Alfonse Reinheart
02-08-2010, 12:52 AM
It'll happen when DX12 requires QBS support. Then NVIDIA will act like it was always available under OpenGL.

Chris Lux
02-08-2010, 01:19 AM
thats what i am afraid of, till DX12 the 3D Vision approach (hack-stereo) will have a bad reputation for all the little to big things not working right. as i said every game i tried has serious issues (even if it is only a 2D crosshair). by that time the consoles may have the right APIs to get 3D working correctly and the PC is behind again.

regarding Stephans statement, having QBS available now (lets say by the GDC in march ;)) could have a great impact on OpenGL. i can only imagine how great this would be to some game (like Rage) on the PC.

Ilian Dinev
02-08-2010, 01:44 AM
yes, after being completely blown away by Avatar I now can see what all the excitement is about.
Try Crysis ;) (though, my VR920 adds to the immersion via head-tracking)

Alfonse Reinheart
02-08-2010, 02:09 AM
by that time the consoles may have the right APIs to get 3D working correctly and the PC is behind again.

Consoles are used on TVs, which don't usually have the refresh rate to do 3D imaging. Furthermore, what does it matter? If you're banking on 3D imaging to somehow make PC gaming dominate console gaming, you should give it up now. It simply isn't going to happen. And even if it could, OpenGL games certainly aren't going to lead the charge.

Chris Lux
02-08-2010, 02:15 AM
Furthermore, what does it matter? If you're banking on 3D imaging to somehow make PC gaming dominate console gaming, you should give it up now. It simply isn't going to happen. And even if it could, OpenGL games certainly aren't going to lead the charge.
so we give up.

then why bother with a better OpenGL API? not just for games or entertainment OpenGL is behind and what should lead the change to give OpenGL an egde over other APIs? so we give up...

games and entertainment are the biggest forces to drive stereo-3D, so clearly an QBS enabled AAA-game could help us to get a better suited API for other things.

me262
02-08-2010, 10:16 AM
There are some QBS games already, but none as of recent. Quake 3 (via ioquake3) and Doom 3.
Again, the iZ3D monitor ships with its own implementation via a driver, however I'm not sure how this kicks in for the applications that don't have QBS, or what the driver does behind the scenes with the camera. Although I think it has its own SDK.
Guess I should probably install Windows on here and take a look at it all.

Consoles are also used on the HDTVs, for those with a very decent setup, although how would they get that to work? Is one HDMI port capable of sending two images across the line simultaneously? Do the consoles have enough power to handle double the render load?

Alfonse Reinheart
02-08-2010, 12:22 PM
then why bother with a better OpenGL API?

So your metric for the success of the OpenGL API is that PC gaming beats console gaming in some fashion?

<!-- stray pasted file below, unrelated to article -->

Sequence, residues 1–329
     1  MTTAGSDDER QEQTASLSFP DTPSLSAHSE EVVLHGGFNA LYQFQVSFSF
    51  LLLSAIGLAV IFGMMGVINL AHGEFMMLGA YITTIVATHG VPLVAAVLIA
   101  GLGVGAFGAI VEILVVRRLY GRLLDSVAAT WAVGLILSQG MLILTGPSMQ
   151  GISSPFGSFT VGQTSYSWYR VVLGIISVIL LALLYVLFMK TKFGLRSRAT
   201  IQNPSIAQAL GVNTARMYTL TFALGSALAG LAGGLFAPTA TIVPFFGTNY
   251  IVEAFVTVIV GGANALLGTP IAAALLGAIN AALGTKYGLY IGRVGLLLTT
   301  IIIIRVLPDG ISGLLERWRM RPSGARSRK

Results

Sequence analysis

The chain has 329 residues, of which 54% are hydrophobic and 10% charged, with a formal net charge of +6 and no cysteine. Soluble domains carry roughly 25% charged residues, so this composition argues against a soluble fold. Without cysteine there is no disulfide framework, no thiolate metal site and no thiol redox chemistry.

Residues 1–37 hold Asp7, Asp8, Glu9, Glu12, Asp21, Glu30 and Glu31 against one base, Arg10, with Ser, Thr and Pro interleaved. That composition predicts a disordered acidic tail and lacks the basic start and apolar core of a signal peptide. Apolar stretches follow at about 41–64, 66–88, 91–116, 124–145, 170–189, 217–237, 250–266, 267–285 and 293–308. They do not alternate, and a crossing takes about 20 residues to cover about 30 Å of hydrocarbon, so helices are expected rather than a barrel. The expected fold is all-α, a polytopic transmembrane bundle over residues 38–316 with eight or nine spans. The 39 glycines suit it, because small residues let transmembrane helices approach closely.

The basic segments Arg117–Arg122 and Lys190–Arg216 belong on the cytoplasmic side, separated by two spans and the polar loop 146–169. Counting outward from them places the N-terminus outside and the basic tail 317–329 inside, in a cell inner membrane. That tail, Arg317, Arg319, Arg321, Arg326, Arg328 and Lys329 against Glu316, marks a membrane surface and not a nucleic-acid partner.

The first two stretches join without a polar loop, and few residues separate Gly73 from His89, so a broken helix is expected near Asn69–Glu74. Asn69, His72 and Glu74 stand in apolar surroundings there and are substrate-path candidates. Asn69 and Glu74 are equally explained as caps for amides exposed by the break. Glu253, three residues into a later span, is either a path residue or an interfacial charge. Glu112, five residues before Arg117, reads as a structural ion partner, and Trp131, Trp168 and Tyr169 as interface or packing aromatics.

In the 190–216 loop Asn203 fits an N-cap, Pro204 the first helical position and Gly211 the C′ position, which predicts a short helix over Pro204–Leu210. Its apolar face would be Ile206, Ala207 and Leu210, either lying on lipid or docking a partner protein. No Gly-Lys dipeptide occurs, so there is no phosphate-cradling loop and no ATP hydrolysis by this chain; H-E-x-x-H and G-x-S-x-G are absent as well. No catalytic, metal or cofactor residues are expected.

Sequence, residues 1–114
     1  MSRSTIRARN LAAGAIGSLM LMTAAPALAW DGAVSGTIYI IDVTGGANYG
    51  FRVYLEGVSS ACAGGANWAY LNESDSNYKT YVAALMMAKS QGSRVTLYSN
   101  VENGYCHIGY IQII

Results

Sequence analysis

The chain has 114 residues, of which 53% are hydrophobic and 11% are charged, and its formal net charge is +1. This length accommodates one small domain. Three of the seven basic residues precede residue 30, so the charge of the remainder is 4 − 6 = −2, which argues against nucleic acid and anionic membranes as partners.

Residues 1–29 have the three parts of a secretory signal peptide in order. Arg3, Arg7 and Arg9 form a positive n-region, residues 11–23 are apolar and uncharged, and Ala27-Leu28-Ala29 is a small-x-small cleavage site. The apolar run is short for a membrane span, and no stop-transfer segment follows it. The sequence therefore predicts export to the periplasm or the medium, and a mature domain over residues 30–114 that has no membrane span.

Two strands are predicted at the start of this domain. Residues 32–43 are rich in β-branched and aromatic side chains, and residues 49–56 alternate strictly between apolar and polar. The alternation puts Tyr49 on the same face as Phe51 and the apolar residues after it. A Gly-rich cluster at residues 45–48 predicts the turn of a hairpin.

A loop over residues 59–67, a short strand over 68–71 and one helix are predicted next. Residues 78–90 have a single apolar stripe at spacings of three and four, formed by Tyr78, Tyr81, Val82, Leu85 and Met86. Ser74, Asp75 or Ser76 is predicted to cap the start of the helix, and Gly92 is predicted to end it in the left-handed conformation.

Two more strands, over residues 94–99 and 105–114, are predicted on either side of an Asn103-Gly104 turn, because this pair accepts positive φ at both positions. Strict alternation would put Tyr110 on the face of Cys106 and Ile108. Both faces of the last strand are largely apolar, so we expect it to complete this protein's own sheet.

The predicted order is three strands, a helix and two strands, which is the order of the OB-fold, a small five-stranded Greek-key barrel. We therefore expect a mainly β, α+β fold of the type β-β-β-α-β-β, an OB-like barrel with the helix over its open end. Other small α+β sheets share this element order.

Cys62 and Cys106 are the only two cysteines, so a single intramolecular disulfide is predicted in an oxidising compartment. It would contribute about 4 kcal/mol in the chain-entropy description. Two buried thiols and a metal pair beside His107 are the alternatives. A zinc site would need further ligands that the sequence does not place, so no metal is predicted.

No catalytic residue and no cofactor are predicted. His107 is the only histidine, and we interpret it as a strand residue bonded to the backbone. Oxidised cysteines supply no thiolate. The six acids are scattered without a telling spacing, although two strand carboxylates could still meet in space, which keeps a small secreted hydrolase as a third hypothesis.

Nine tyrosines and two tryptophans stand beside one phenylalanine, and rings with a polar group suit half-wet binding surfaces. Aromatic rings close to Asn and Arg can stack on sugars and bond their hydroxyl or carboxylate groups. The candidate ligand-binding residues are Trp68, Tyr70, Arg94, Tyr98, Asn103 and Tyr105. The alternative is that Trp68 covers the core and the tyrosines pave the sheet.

Sorry; I don't see it as a competition. PC gaming is not opposed to console gaming. They both coexist so long as a player doesn't marry himself to one platform or the other. If you're a gamer, you should be interested in gaming wherever you may find it.


not just for games or entertainment OpenGL is behind and what should lead the change to give OpenGL an egde over other APIs?

Nothing. In any useful sense, the API war is over, and has been over for some time.

Game development takes a long time. A game developer that is using D3D is not going to build a new backend renderer just to access QBS. If they're going to switch, they'd wait until their current game is released. By then, D3D would provide QBS.

Any advantage which OpenGL provides can be nullified in a single D3D revision. And D3D revisions tend to come quickly enough that game developers will not need to switch to OpenGL to gain access to the feature.

Stephen A
02-08-2010, 01:42 PM
A sidenote: HDTVs are starting to include support for 120Hz refresh rate (real 120Hz, not fake interpolation techniques) and Bluray just finalized a standard for 3d playback. This is an emerging market and opening up QBS in OpenGL would provide some measure of competitive advantage until the next release of D3D.

M/\dm/\n
02-09-2010, 01:47 PM
Shame, I don't think I'm going to invest into hx0red 3D if it's all that there is.

After seeing movies in 3D I was under impression 3D might pick up finally, but hacks is not what I'm ready to pay money for.

And with custom shaders in 3.x there is no way someone will be able to patch the engine on fly :(

me262
02-09-2010, 04:01 PM
It's not really with shaders from what I'm experienced with, it's more about the camera. You have to derive two positions and turn them slightly to a Zero Disparity Plane. Then write the lighting and visible geometry to a buffer (considered BACK_LEFT), and repeat the process for the BACK_RIGHT buffer with the other camera position.
If someone actually has done this in shaders though, I'd certainly be interested in looking underneath that engine hood.

Stephen A
02-09-2010, 07:33 PM
If someone actually has done this in shaders though, I'd certainly be interested in looking underneath that engine hood.

It's not very difficult, actually. I did that for my diploma thesis and even parallax mapping worked correctly.

ZbuffeR
02-10-2010, 06:08 AM
with custom shaders in 3.x there is no way someone will be able to patch the engine on fly :(
I think Madman meant that the current Nvision hack-the-program-to-make-stereo-work is flawed for anything going away from fixed path, and this is true as shadows and other special effects all appear completely wrong with Nvision.